Divorce Process in Utah: Basic Steps to Filing a Divorce

7 Signs it’s Time for a Divorce

No one thinks of divorce when tying the knot. But people change and circumstances do their part. All of a sudden, being together isn’t what it used to be, and calling it quits may be the only option to save what’s left of the relationship.

However, getting a divorce can be a complicated and grinding process. It’s financially burdensome, stressful, and full of bureaucracy. Things can become even more complicated when you don’t even know where to begin to legally end your marriage.

But don’t rush to give up the idea of getting your freedom back. Getting a divorce in Utah isn’t that hard when you know where to start. Here, in this guide, you will learn all you need about the Utah divorce process and figure out what your first steps on the way to marriage dissolution should be.

Step 1. Make Sure You Qualify to Get a Divorce in Utah

As much as with any other state, the Utah divorce process has a number of requirements. A residence is one of them. If you don’t qualify, you won’t receive a divorce in the state.

Under Utah law, both spouses should have resided in the territory of Utah for the last 3 months prior to filing for divorce. Similarly, this period extends to 6 months if you have minor kids in wedlock.

In other words, you can’t divorce in Utah if you have just moved to the state. The same goes for couples who have just welcomed a newborn. Even if 3 months have already passed, there are another 3 to wait since you have a child now.

Step 2. Choose the type of Utah Divorce Process

In Utah, there are two types of divorces: contested and uncontested. They largely differ in expenses, procedures, and the required periods to finalize the divorce.

As expected, an uncontested divorce is the least troublesome Utah divorce. Its cost may be as little as $325, which is currently the filing fee. Furthermore, you can have a completely online divorce in Utah if it’s uncontested. The court may only ask you to appear for a brief trial if you have minors in the marriage and their issues require additional attention from the judge.

To go through an uncontested procedure, spouses must come to an agreement as to all issues arising in the divorce, including property, custody, support, visitation schedule, debts, etc. However, if you think your couple fits for it, then here’s what you need to do to start an uncontested process in Utah.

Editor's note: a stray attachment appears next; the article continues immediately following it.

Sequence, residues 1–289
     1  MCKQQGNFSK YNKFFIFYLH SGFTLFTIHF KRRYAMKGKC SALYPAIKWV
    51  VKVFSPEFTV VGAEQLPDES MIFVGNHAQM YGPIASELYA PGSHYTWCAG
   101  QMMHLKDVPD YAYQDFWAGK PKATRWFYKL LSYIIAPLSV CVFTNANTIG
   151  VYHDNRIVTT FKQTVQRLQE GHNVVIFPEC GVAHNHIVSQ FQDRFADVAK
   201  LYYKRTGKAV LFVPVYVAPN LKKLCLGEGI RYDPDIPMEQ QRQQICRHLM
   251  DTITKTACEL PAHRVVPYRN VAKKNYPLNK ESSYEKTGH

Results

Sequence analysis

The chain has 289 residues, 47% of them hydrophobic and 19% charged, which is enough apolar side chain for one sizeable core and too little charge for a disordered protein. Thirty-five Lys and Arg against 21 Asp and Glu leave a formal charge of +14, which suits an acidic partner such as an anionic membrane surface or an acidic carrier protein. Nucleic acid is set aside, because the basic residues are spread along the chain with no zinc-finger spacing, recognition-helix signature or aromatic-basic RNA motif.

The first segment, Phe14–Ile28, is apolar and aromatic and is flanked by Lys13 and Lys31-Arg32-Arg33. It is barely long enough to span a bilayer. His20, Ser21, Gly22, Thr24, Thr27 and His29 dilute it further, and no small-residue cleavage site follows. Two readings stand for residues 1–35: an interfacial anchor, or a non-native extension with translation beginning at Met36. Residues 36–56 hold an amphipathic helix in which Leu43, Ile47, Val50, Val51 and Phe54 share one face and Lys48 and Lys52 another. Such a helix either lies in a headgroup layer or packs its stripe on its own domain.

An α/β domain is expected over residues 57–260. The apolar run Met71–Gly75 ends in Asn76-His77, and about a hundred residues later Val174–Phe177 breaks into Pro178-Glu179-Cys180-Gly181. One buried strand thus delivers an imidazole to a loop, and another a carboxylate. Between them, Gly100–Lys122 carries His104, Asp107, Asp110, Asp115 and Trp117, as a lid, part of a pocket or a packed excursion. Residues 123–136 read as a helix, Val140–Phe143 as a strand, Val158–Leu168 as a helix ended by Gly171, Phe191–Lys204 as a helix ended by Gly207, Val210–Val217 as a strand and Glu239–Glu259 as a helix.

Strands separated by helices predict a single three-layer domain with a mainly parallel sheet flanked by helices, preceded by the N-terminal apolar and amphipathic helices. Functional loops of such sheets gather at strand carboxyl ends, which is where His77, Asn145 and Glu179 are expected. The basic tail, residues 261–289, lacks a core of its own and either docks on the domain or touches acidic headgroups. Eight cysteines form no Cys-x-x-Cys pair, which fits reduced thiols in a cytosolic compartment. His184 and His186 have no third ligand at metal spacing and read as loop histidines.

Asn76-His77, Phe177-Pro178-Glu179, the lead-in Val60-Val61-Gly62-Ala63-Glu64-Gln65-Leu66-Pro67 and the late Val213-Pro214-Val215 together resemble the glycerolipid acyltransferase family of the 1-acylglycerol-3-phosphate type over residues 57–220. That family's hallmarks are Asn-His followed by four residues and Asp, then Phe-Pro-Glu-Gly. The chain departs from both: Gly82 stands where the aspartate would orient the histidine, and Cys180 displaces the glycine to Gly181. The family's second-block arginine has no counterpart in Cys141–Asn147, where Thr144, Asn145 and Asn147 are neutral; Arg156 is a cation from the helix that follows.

Understandably, the process starts with the complaint about divorce. Along with that, you need to attach a request to include your settlement agreement in the final decree. Then you need a settlement agreement itself. And also, a respondent’s Acceptance of Service, Appearance, Consent, and Waiver, which proves that the other party received the copy of the complaint, waive their right to respond to it, and doesn’t mind that the court may satisfy the terms put out in the complaint. If you are parents of minor children, you will also need to attach a number of documents, which include a parenting plan, a visitation schedule, and your affidavits of income among others. Under Utah law, you have to wait 30 days before your marriage will be officially ended.

However, if you couldn’t solve your conflicts and chose a contested trial, then move on to the next step.

Step 3. Filing for Divorce in Utah for the Contested Process

In a contested case, the papers must be served to the other party once the petition of divorce is filed with the court. As a petitioner, you will have 120 days to deliver the following paper copies to your spouse: Verified Complaint about Divorce, Court Summons, and Temporary Injunctions.

There are several ways how you can ensure the service of the documents. One of them is by mail. You can use either US Postal Service and order a registered or certified mail. Or you can try a commercial courier that confirms the delivery with the return receipts. Alternatively, the papers can be delivered in person. This can be done by a private process server, a local sheriff, or by anyone else who is older than 18 and is not a party to your case. To go on with the divorce, you will need to submit a signed by a process server proof of service to the court.

Step 4. What Happens After the Service?

As soon as the other party receives the papers, they will have 21 days if they live in Utah, or a 30 for residents of any other state, to file the answer. After that, there are 3 ways how things may turn out:

  1. No Answer. If the party refused or was late to file the answer, the court will consider them unwilling to take part in the trial. Most likely most or all of the terms of the Complaint will be satisfied.
  2. Agreed to All. If it happens that the other spouse files the Answer where they agree to every term in the Complaint, the divorce will become uncontested. There will be no need for a formal court trial, and the divorce will be finalized according to the law.
  3. Didn’t Agree to the Terms/Filed a Counterclaim. This means that a contested divorce will happen and the court will order a discovery process to collect necessary papers and other evidence. It may also oblige spouses to go through a mediation procedure, especially if there are minor kids involved.

Bottom Line

A highly contested Utah divorce process may continue from a few months to years and be merciless to your finances. Therefore, if you decided to part with your spouse, try to reach an agreement to make it less stressful and costly.

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